Saturday, June 25, 2011

U2 Can Pay More Taxes...

But they choose not to:
U2 and its frontman Bono, known for their global poverty-fighting efforts, were accused of dodging taxes in Ireland by activists who crashed their performance at England's Glastonbury festival.

The anti-capitalist group Art Uncut inflated a 6-metre balloon emblazoned with the message "U Pay Your Tax 2." Security guards wrestled them to the ground before deflating the balloon and taking it away. About 30 people were involved in the angry clash. "I love U2 but I think everyone should pay their taxes. The campaigners have a right to voice their opinion," he said.

Art Uncut argues that while Bono campaigns against poverty in the developing world, his group has avoided paying Irish taxes at a time when his austerity-hit country desperately needs money.

Ireland, which has already accepted an international bailout, is suffering through deep spending cuts, tax hikes and rising unemployment as it tries to pull the debt-burdened economy back from brink of bankruptcy."...U2, the country's most successful band, was heavily criticised in 2006 for moving its corporate base from Ireland to the Netherlands, where royalties on music incur virtually no tax.
I'm of two minds here.  First of all, I believe in Freedom so I think Bono and U2 have the right to conduct their business affairs as they choose, provided they are within the law.  No one here is accusing them of doing anything illegal, merely working the system to their advantage.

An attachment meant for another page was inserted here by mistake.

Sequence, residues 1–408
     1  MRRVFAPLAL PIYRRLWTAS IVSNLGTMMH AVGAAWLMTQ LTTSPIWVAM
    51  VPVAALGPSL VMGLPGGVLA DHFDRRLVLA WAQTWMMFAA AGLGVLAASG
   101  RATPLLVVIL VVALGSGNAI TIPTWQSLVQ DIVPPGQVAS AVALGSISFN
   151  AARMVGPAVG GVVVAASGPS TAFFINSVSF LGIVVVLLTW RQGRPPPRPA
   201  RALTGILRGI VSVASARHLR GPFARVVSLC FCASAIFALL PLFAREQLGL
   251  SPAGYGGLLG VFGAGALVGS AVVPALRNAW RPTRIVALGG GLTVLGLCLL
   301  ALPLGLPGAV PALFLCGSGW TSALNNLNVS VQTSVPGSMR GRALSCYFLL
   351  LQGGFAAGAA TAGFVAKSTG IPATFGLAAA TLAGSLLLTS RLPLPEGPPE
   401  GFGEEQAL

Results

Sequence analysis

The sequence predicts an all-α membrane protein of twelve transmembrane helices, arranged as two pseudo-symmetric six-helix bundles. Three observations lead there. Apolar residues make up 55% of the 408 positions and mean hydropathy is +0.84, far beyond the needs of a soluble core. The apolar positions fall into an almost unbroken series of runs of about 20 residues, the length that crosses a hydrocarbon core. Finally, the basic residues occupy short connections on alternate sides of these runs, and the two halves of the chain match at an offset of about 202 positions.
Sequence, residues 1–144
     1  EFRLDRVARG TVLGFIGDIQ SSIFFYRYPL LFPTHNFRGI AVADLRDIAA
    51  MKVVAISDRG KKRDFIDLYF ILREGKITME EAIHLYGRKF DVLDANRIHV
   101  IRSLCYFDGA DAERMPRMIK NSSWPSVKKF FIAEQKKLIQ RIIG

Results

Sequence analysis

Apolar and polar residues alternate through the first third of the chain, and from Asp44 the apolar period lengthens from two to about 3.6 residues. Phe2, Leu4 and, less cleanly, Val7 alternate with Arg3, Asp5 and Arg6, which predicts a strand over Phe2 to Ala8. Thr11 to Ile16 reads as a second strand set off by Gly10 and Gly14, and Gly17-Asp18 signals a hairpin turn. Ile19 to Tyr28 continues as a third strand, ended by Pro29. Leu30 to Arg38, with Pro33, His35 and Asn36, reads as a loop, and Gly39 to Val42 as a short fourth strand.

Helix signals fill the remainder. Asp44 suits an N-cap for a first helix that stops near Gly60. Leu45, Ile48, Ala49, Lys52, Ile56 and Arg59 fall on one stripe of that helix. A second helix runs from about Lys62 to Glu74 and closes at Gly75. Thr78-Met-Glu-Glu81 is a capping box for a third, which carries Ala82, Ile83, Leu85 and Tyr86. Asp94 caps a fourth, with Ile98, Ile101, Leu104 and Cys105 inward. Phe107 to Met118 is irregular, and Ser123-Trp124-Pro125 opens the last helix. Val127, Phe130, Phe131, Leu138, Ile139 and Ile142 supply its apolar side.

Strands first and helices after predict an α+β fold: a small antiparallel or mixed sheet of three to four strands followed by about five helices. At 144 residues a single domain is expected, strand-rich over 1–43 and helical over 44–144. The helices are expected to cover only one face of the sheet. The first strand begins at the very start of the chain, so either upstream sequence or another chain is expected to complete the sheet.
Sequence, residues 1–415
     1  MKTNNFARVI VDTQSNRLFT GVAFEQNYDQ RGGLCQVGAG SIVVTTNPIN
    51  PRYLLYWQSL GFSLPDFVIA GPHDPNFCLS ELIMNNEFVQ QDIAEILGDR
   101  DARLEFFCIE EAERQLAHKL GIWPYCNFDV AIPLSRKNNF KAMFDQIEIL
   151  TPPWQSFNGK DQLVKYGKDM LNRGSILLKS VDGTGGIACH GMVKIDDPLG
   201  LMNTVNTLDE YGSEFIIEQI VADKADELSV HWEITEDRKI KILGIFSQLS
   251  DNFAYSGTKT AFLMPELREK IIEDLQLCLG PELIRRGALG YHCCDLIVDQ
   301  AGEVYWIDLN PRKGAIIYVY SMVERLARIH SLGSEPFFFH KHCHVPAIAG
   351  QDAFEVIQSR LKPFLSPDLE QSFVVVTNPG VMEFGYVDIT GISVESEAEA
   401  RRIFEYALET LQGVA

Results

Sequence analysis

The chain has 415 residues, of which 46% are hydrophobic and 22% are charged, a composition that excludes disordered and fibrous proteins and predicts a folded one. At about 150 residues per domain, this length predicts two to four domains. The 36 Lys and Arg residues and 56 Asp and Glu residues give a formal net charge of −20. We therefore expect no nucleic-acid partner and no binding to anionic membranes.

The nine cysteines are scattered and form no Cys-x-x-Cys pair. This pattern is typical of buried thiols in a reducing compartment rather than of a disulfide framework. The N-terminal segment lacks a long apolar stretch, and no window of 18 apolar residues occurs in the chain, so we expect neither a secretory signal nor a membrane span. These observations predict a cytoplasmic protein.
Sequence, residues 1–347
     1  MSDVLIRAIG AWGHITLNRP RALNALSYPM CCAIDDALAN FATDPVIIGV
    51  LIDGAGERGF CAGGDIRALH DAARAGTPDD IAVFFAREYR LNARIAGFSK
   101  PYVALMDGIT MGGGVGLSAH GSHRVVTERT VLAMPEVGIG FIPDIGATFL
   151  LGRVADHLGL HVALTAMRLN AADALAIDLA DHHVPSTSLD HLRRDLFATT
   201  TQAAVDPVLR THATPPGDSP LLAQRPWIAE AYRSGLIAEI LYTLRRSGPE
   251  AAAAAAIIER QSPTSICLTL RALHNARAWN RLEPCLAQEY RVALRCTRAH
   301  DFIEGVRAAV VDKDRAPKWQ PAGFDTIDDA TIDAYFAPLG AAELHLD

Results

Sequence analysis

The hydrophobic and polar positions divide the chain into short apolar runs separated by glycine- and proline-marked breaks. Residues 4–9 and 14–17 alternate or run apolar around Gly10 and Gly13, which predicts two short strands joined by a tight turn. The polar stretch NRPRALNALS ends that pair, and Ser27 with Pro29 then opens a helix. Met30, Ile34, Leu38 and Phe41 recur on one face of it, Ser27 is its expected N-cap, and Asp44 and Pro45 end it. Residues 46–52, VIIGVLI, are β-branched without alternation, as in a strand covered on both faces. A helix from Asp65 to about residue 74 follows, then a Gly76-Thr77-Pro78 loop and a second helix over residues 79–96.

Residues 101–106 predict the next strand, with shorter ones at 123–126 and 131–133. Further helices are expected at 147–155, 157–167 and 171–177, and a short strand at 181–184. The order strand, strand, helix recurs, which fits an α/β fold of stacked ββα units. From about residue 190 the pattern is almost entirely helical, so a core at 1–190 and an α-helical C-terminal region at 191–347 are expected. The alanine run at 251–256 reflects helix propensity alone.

What they are being accused of is an odd from of hypocrisy, where they are charged with not putting sufficient money back into the system, while they urge other people (mostly corporations and the rich) to donate more to the causes of their choosing.  They have also been criticized recently for the nature of their "charity:

U2: Great music in the service of dubious charity 
Last year, Bono's nonprofit ONE foundation was at the center of semi-scandal when it was revealed that in 2008 the organization raised $14,993,873 in public donations — of which only $184,732 (or just over ONE percent) was distributed to charities. Where did the rest go? Well, more than $8 million went to salaries for executives and employees at ONE. In response to the fusillade of criticism following these revelations, ONE spokesman Oliver Buston explained, "We don't provide programs on the ground. We're an advocacy and campaigning organization."
So, they get other rich people and businesses to donate the their charity, and spend that money advocating for their own personal causes.

A good gig, if you can get it.

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